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RIKUGIEN, TOKYO: When the Toku­gawa shogun es­tab­lished Edo as the new cap­i­tal of Ja­pan in the early 17th cen­tury, one of his peace-keep­ing strate­gies was to force his feu­dal lords to live in Edo (now Tokyo) for six months of the year. Main­tain­ing two ex­ten­sive prop­er­ties and house­holds kept the frac­tious war­lords busy and un­der­funded. It also al­lowed for the rapid devel­op­ment of Edo’s ar­ti­san and craft class, in­clud­ing its gar­den work­ers. Rikugien, in Bunkyo-ku, is one of the few re­main­ing Edo-pe­riod gar­dens in Tokyo, and it’s a model of its type, with wind­ing paths fram­ing views around the lake and from its hills. Its name trans­lates as Gar­den of the Six Princi- ples of Poetry and it was de­signed to fea­ture 88 views of fa­mous places in Ja­pan and China re­ferred to in clas­si­cal waka poetry. You don’t need to recog­nise a sin­gle one to love this re­mark­able gar­den. Any time.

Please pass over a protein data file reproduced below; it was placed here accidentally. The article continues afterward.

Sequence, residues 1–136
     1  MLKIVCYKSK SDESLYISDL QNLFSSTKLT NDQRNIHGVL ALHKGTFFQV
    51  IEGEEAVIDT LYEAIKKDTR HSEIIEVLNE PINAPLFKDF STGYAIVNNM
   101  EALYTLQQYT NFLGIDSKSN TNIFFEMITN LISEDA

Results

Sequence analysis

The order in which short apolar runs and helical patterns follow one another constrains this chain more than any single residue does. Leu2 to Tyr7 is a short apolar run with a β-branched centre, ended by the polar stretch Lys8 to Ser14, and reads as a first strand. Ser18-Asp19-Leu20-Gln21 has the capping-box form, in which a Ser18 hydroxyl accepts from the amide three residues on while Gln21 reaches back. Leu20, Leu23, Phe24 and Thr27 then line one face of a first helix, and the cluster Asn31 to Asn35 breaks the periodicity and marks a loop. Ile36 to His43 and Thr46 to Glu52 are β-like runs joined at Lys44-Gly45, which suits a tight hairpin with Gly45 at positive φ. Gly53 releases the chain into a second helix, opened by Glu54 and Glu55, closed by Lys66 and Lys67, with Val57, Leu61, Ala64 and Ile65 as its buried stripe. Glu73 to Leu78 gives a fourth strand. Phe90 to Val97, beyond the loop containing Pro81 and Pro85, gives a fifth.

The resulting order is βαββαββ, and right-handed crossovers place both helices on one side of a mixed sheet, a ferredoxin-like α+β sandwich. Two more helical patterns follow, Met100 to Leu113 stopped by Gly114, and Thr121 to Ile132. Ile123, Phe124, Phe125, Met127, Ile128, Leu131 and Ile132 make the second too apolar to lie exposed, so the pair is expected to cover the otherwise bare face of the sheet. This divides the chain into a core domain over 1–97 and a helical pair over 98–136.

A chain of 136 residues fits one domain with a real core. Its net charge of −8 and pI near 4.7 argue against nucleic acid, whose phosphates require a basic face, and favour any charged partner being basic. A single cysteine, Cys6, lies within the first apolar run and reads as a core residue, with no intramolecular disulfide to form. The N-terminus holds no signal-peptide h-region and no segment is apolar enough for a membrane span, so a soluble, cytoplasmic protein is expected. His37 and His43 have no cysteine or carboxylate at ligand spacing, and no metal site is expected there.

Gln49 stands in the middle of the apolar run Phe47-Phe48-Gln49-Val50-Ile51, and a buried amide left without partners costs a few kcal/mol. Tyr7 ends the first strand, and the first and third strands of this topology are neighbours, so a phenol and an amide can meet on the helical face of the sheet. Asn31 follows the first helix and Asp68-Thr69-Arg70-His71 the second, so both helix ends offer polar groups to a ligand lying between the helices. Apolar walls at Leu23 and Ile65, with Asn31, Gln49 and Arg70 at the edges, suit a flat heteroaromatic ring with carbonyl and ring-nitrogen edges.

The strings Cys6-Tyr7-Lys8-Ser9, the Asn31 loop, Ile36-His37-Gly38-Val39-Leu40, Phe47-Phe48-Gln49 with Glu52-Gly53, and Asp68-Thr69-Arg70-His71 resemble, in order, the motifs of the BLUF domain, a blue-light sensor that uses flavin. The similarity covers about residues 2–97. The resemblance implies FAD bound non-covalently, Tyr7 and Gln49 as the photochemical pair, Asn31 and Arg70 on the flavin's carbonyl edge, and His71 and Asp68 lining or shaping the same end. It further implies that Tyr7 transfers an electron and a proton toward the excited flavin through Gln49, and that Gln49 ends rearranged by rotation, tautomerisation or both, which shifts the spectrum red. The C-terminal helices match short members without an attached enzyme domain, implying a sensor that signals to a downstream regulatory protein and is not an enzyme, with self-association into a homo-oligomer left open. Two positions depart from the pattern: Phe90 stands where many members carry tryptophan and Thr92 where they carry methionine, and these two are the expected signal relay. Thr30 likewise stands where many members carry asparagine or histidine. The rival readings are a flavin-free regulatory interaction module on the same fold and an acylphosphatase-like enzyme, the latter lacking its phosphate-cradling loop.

HAKONE OPEN-AIR MU­SEUM, HAKONE: Opened in 1969, this is art in the gar­den on a grand scale, with works from the lead­ing sculp­tors of the 19th and 20th cen­turies, in­clud­ing 26 by Henry Moore on ro­tat­ing dis­play, ar­ranged on a hill­side in Hakone, gate­way to Mount Fuji and about 90 min­utes by train south­west from Tokyo. The hills are coloured with splodges of pale pink and bronze in spring and vividly streaked in reds and or­anges in au­tumn. The gar­den con­tin­ues in­side the mu­seum fences, with av­enues of cherries, un­du­lat­ing clipped hedges, gar­den beds of hy­drangea and helle­bore as well as ponds and wild ar­eas.

Au­tumn.

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NEZU MU­SEUM GAR­DEN, TOKYO: In Mi­namiAoyama, just along from Prada’s di­a­mond-bub­ble build­ing and Issey Miyake’s suite of stores on up­scale Omote­sando boule­vard, is the sur­pris­ing serenity of this pri­vate mu­seum and gar­den. One of its treasures is the 18th-cen­tury Korin iris screen, in which re­peated clumps of plump-petalled iris, coloured with lapis and mala­chite, sug­gest a me­an­der­ing stream against a gold-foiled back­drop. The screen is brought to life at the bot­tom of the gar­den where a stream and pond are edged in huge clumps of iris. Early May for the iris dis­plays.

• jnto.org.au

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Zen dry gar­den at Ryoan-ji Tem­ple, left; Heian Shrine in Ky­oto, above